Legendary inventor Eddy Goldfarb – the man behind toys like Chattering Teeth, Stompers and KerPlunk – on the power of optimism
Eddy, I’m over the moon to be chatting with you. A huge thanks for making time. To kick us off, what set you on the path to inventing?
When I was a little kid, my father brought an inventor round for dinner. He introduced us, saying “This is an inventor”. That’s when I learned what an inventor was and from then on, I always wanted to be an inventor. I always had ideas and that was my goal for the rest of my life.
When did that goal become a reality?
I got a little older and then the war started. I joined the navy and volunteered for submarine duty; I was in radar. I was serving on a submarine, the Batfish, and the war with Germany was over but we were still fighting Japan. I didn’t know about the atomic bomb or when the war would end, but I thought I’d better start making plans for what I’d do after the war.
After doing a lot of reading, I decided I needed to specialise. I needed an industry that was open to new ideas, so I decided I’d specialise in toys. I didn’t have much money either, so I needed an industry that could be cheap to invent for and toys fit the bill there too.
And you made that decision while you were still at sea?
Yes. I actually designed three toys while I was aboard the Batfish on my last war patrol. I came home with the three toys and managed made a model of one of them.
What sorts of toys were they?
They were educational items… I had no idea that – at the time – it was the sector the toy industry was least interested in!
Ha! So they were a tough sell?!
Well, I found a toy company in Chicago. I showed one of the ideas to the woman there and she said: “We’ll take it”. It felt so easy – the first person I’d shown a toy to had wanted it! I then showed her the other two and she said “No, I just want the first one”. I said “No, you’ve got to take all three”. She said: “No, I just want one”. So anyway, there’s three items still available…
Hahaha! And what was the item she said yes to?
It was a toy where you had four pictures in a row, and there were four name tags to match the pictures, but they were all mixed up. So if you wanted to match the dog, you had to find the tag that said ‘Dog’ and put it under the dog. It was a very simple game – it wasn’t electronic or anything like that.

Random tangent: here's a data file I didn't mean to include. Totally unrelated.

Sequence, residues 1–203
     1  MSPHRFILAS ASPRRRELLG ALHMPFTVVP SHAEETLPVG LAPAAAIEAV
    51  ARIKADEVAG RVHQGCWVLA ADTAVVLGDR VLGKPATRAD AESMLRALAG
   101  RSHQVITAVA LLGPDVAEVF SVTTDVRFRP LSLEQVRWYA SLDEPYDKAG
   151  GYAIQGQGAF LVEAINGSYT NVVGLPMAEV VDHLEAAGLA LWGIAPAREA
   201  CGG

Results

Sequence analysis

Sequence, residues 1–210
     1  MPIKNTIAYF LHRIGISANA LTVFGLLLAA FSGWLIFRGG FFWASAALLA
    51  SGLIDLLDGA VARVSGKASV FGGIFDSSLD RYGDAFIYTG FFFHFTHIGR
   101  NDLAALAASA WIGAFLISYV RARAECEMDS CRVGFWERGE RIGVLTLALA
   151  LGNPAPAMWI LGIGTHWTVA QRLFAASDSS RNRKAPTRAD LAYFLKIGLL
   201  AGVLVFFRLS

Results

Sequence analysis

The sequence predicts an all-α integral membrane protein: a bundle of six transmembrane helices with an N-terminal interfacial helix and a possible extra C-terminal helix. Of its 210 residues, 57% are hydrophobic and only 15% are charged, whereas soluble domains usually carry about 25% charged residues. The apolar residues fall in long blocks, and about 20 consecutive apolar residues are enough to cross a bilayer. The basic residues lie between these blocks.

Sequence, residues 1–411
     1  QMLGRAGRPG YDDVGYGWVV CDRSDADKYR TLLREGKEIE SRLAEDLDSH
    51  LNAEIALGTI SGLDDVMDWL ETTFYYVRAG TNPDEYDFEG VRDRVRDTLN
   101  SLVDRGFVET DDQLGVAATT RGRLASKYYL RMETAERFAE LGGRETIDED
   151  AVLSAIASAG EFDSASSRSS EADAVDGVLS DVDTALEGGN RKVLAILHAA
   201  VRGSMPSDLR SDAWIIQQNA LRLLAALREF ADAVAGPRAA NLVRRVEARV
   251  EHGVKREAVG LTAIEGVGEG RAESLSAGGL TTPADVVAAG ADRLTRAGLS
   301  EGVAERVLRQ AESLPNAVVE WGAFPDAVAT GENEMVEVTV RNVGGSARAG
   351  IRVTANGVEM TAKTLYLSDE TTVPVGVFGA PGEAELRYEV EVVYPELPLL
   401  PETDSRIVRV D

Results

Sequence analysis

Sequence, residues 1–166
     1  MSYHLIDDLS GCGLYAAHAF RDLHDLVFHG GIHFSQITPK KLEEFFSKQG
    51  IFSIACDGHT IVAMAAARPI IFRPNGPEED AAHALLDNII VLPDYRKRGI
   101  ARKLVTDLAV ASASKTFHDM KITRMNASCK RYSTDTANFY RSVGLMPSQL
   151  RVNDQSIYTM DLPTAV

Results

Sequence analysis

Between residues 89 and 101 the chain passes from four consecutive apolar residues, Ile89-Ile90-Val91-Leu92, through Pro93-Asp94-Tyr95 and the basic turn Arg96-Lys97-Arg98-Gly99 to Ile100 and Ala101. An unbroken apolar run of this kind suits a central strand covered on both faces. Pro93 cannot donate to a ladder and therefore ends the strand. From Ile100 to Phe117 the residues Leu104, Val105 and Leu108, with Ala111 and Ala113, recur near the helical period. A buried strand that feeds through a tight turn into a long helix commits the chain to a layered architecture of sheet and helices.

In the brilliant Eddy’s World documentary, you say “I annoy people with my optimism”. Is optimism a vital trait for any inventor?
Absolutely. I’ve told people over the years who want to invent that you’ve got to learn to love rejection because you’ll get so much of it. Rejection always disappointed me, of course, but it didn’t bother me that much.
Was there anything that connected all your ideas? A trait that typified an ‘Eddy Goldfarb’ invention?
No, thank goodness! I don’t think there was a relationship between any of the items I made. Each one was very different. I’ve invented toys, games, dolls… There was never a shortage of ideas. I wanted to make money! I wanted the royalties to come in!
Of course! And how did you have ideas Eddy? Where did you find inspiration?
I have no idea where they came from really. I could be looking at something and an idea would just come to me. For example, the Chattering Teeth. I saw an ad in the paper for a ‘Tooth Garage’. Being young and foolish, I didn’t realise what it was until I studied it and realised that people had false teeth. I thought that was very funny at the time, but now I know about it all too well!
But I wanted to invent something around false teeth, so I went to my dentist and got a set of false teeth. I wanted the teeth to come alive; I wanted them to start moving, so I found a wind-up motor and put it together with the teeth.
I used Marvin Glass as an agent for that item. I met him after the war, I showed him the teeth and he loved it. He knew Irving Fishlove of H. Fishlove & Co – I had no idea who Irving Fishlove was. But Irving bought it immediately.